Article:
BUFFALO, N.Y. — A 10,000-seat stadium, a soccer club looking to the future supporters for insight and potentially an MLS-tier women's team are making their way to Western New York.

"We're on the Nichols field right now, which is where I played in high school. I won a couple of state championships playing for Nichols," said alumni and now-President of Bufalo Pro Soccer, Peter Marlette. "Actually, I also tore my Achilles over on the other field."

Marlette has a history in Western New York that brought him through different stages of professional soccer, and now he's bringing a top-tier United Soccer League team back home.

"MLS can only support, you know, so many communities," he noted. "There's only so many cities where that can support a pro team at that level. And as a result, the youth in those communities don't have that top of the pyramid to aspire to and to work their way towards in their backyards." 

Buffalo already has a USL League Two, or amateur tier team, in FC Buffalo, something Marlette’s very aware of.

"I played for FC Buffalo however many years ago it was, I scored one of my favorite goals of all-time for FC Buffalo at All-High Stadium," Marlette said. "I have a tremendous affinity for FC Buffalo and everything that they've done and the community they've built around soccer. And now I think it's time to add the professional game."

The biggest thing the new club will be looking for on the pitch is promoting local.

"If you work hard, if you keep excelling, if you keep showing what you can do, there's going to be an opportunity for you to potentially play professionally and start your career in your hometown,” Marlette said. “That's what USL provides that the other leagues in this ecosystem are not able to." 

A USLW team already exists in the blue and gold that plays at All-High Stadium in North Buffalo, but that pro-am team is also getting something to progress to.

"The USL Super League, which is a new women's professional league, which is starting this August, that does have Division I sanctioning," he noted. "So that is going to be the highest level of professional women's soccer in the United States and we do in Buffalo have the rights to a USL expansion, a USL Super League expansion franchise right."

On Thursday, it was time for a first public town hall.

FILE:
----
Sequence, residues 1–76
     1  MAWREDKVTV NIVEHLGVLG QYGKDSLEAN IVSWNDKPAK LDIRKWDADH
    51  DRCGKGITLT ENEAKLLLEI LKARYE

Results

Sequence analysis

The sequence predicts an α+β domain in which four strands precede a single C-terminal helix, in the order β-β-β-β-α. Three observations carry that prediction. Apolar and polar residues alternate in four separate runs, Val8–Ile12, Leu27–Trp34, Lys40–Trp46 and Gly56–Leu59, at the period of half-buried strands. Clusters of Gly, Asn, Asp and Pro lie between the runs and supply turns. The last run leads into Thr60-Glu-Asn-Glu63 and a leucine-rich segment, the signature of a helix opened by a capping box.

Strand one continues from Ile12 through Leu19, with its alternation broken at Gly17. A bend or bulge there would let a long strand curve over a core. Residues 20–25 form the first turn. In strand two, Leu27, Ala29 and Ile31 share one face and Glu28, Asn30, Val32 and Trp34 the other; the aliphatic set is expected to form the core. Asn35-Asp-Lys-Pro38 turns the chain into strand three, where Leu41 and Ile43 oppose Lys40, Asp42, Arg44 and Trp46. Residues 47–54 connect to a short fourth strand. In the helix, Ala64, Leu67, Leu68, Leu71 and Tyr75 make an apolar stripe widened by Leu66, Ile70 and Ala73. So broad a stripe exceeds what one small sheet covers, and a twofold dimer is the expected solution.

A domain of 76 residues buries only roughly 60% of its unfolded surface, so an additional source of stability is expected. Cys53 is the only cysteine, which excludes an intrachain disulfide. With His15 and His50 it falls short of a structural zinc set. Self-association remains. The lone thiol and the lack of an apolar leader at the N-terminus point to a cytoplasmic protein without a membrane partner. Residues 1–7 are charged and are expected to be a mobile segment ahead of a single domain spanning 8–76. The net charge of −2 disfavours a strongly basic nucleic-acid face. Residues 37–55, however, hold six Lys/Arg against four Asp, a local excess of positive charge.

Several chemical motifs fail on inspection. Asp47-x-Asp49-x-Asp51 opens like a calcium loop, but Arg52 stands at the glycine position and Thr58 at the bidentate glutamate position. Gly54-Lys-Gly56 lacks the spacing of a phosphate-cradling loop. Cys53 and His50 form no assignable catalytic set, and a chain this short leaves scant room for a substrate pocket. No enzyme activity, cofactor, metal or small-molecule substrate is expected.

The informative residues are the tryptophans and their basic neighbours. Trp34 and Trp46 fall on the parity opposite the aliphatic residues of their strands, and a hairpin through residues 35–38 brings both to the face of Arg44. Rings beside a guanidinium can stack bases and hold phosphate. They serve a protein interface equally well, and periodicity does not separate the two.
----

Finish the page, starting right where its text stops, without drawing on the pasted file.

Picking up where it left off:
"I'll be wanting to hear from the fans what they're looking for in a stadium, what they're looking for in their club — colors, name ideas, whatever it may be," said Marlette. 

The Banshee, one of the premier soccer bars in the 716, was a natural selection, as co-owner Connor Hawkins has been a major advocate for fans looking to watch their teams overseas but also who are playing at home.

"The following here in Buffalo is extremely, extremely high,” said Hawkins. “It could be up there to being a big sport with football, hockey, lacrosse and baseball. Soccer's coming. It's coming too. I'm so proud of it. And I think that the work Peter Marlette and Buffalo Pro Soccer is doing — we're going to be around for a long, long time."

A quick presentation and then questions from stadium location, previous USL blunders in Western New York, to partnerships with the community...

"What this is going to do is create idols and people to look up to in their backyard and also at the USL level. MLS is similar, USL is different. We can get the players out there putting on clinics, putting on camps, coaching teams if they want to," Marlette announced to a packed back corner of the pub. 

While a name isn't picked and things like Buffalo or Nickel City United were tossed around, there's one word that sticks out there.

"If we're going to make this truly a community club representative of Buffalo in Western New York, it's going to be nights like this that make that happen," he said.

Plenty of meetings and decisions for Marlette and the Western New York soccer scene to come together on.

"Soccer is the world's game and Buffalo is an increasingly young and increasingly diverse city," he added. "We're going to provide a stadium and a game and a team that everybody, no matter where they're from, no matter where they live or how long they've been in Buffalo, can come together and cheer on a team that's representing them." 

The club is working to finalize a primary ownership group, community outreach and stadium location.

They are down to four finalists on that last front with it being important to the club for people from the suburbs to even southern Ontario able to make it to games. The final four site options are all in Buffalo with two being downtown, something that caused a bit of a stir when the Bills chose to stay down in Orchard Park.